being closed during what’s called “Azan” (Muslim Prayer calling). That’s just the way it is. Women might also have to accept the fact that
they won’t be allowed to drive or even go to a normal gym. You’ll have to find a woman’s gym. One of those was recently closed down because
pictures emerged showing women there wearing tight-fitting clothes. By the way, the driving ban for women has
been lifted, but so far not many licenses have been issued. If you’re a female visitor, it’s unlikely
you’ll be getting behind the wheel. 6. Thailand
This is a nation where you’ll find hordes of tourists from around the world basking
under the sun on beautiful beaches and trekking through rolling mountains. It’s also a place where the locals take
videos of ‘farang’ (foreigners) breaching cultural Dos and Don’ts. The number one is probably westerners being
a bit too affectionate in public, which is a big no no in Thailand. Or what about westerners turning up to temples
in beach wear, or donning skimpy shorts for a visit to a government office. Perhaps even worse is putting your feet close
to someone’s head, something that is sure to create very hostile feelings. Do these things happen? Yes, and quite often. You might just find yourself starring in a
viral (in Thailand at least) video if you do any of these things. 5. Brazil
Reading tourism websites, we are told that making the “OK” sign in this country isn’t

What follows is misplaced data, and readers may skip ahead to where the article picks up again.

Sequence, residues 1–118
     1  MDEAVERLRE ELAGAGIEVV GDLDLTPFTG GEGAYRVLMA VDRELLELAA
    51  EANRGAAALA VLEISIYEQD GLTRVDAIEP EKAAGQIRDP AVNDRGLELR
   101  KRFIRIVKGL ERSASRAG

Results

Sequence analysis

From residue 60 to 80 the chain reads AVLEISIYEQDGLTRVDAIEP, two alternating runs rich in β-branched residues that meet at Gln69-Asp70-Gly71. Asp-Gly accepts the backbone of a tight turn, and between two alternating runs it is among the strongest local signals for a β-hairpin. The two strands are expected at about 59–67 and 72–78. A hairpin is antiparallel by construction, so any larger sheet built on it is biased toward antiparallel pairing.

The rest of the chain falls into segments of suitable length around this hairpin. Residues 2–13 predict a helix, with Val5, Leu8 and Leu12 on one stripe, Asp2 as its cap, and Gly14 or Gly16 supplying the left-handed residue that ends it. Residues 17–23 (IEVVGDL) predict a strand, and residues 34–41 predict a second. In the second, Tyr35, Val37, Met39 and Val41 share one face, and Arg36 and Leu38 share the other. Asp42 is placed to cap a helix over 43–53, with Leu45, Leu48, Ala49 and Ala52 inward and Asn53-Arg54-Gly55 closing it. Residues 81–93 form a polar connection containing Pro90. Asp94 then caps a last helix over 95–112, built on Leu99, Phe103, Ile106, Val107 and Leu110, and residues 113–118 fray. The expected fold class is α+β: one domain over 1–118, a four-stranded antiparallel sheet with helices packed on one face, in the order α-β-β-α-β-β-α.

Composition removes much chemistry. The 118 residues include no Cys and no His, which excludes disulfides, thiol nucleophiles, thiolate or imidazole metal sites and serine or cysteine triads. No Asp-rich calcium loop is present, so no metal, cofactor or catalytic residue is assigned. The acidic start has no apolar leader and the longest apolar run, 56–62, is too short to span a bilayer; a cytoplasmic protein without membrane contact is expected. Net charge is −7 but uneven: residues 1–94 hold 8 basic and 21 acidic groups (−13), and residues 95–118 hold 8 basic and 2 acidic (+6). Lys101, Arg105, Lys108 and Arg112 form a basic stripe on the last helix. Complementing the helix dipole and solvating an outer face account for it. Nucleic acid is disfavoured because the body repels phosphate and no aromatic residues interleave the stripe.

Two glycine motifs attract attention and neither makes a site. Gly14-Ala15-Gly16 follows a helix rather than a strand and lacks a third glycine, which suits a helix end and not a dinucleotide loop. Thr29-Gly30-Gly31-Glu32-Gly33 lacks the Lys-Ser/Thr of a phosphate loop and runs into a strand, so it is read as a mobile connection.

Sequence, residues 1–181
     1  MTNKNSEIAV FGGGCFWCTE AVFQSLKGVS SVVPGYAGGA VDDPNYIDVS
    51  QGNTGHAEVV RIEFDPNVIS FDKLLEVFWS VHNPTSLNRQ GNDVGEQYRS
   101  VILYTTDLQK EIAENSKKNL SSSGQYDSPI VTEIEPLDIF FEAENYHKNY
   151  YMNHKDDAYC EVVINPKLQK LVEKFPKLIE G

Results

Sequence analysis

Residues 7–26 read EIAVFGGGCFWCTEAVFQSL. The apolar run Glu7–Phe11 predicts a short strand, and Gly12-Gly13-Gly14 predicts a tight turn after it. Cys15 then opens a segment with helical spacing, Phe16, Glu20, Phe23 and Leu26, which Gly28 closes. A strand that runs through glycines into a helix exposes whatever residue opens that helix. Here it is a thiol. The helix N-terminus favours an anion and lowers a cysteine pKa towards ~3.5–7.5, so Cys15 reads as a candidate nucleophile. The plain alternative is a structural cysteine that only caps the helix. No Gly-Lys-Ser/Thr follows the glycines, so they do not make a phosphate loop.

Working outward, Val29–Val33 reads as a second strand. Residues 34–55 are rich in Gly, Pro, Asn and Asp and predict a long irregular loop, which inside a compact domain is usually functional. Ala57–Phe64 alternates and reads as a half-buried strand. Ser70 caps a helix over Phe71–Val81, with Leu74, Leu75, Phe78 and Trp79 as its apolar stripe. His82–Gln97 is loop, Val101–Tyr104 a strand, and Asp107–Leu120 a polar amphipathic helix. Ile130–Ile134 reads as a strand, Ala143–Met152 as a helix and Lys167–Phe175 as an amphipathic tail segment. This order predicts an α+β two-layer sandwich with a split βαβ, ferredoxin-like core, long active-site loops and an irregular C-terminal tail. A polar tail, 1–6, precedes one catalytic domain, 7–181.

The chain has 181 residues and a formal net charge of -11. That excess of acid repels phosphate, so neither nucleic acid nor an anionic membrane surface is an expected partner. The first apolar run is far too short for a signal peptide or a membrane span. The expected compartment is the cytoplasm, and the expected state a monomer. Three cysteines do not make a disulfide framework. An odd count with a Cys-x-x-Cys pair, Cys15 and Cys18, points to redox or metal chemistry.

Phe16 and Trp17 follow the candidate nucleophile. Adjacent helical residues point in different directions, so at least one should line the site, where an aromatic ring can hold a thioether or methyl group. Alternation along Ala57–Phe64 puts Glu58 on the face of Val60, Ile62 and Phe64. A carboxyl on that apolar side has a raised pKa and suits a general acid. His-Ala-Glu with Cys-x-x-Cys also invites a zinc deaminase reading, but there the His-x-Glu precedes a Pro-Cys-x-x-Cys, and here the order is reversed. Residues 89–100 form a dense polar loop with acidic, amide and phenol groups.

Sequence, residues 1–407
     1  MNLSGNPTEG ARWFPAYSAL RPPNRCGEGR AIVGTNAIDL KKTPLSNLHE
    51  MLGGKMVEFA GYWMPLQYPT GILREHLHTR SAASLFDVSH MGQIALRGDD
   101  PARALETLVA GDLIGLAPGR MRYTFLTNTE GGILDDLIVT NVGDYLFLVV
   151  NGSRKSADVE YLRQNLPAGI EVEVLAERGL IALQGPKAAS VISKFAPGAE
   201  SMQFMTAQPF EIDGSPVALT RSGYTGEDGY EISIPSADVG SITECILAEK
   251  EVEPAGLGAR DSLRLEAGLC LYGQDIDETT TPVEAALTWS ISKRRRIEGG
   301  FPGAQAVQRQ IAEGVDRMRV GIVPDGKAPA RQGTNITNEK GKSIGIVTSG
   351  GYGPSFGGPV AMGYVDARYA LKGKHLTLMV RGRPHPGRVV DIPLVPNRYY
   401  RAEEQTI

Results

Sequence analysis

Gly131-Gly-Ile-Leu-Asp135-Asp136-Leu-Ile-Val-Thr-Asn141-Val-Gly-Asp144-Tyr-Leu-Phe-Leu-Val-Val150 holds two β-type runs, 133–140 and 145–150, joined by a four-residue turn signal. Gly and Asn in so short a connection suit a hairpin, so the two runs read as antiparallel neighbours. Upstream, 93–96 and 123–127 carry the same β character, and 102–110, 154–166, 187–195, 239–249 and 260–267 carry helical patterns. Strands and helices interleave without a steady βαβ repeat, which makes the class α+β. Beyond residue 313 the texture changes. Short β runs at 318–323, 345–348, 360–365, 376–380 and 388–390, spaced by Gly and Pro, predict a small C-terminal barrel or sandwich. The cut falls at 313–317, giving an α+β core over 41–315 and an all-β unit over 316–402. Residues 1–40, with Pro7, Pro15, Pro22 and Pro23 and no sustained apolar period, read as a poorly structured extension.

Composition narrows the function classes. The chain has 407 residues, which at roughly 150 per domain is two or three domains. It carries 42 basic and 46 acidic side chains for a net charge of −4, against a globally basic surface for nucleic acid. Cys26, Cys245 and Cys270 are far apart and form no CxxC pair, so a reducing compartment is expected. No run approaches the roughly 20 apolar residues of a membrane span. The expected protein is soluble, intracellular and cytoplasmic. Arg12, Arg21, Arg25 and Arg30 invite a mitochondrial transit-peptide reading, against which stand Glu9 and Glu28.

OK at all. One blogger writes, “It’s VERY obscene! It means ‘screw you.’” So yeah, it’s an easy mistake to make, but
might end badly for you. tells us you should not eat with
your hands in the country as people will think you are uncivilized. And yes, that applies to eating pizza, too. Things that are also embarrassing for tourists
and seem to happen quite often are visitors using the Spanish language, thinking the Portuguese
speaking-people are actually Spanish speakers. Tourists, we are told, should also not call
the USA “America”. Why? Well, Brazil is also America, just South America. If you do this, you’ll look ignorant. 4. Sweden
Let’s venture into Scandinavia and Sweden. One Swedish tourism website tells us that
one mistake people make is thinking everyone here is fluent in English. While Swedes in general are good at English,
just remember not everyone will understand you, especially if you have some broad Scottish
accent or are a fast-talking person from Kentucky. According to one website, the Swedes often
regard some visitors as loud and overly animated in conversation. “This is the quickest way to irritate the
locals, and you can expect to be gently reprimanded if your voice carries over to the next table,”
said the writer. We are also told not to invade someone’s
personal space as Swedes are not keen on that. Keep your distance if possible. 3. China
Over to China and we are told one thing tourists often do to embarrass themselves is greet
people with a bow. You are in China, not Japan. Some people may shake hands, but whatever
you do, don’t apply that strong grip which many people are told is a sign of confidence
or even sincerity. In China it will be taken as you being aggressive. If you eat out, don’t leave your chopsticks
standing like poles in your food. While this might seem convenient, it’s symbolic
in China of incense sticks at a funeral. You might also not want to write with red
ink, for many reasons it is symbolic of death. Many westerners have written someone’s name
in red ink, and we can tell you, it doesn’t go down well at all. 2. India
This is such a culturally diverse nation that customs will change depending on where you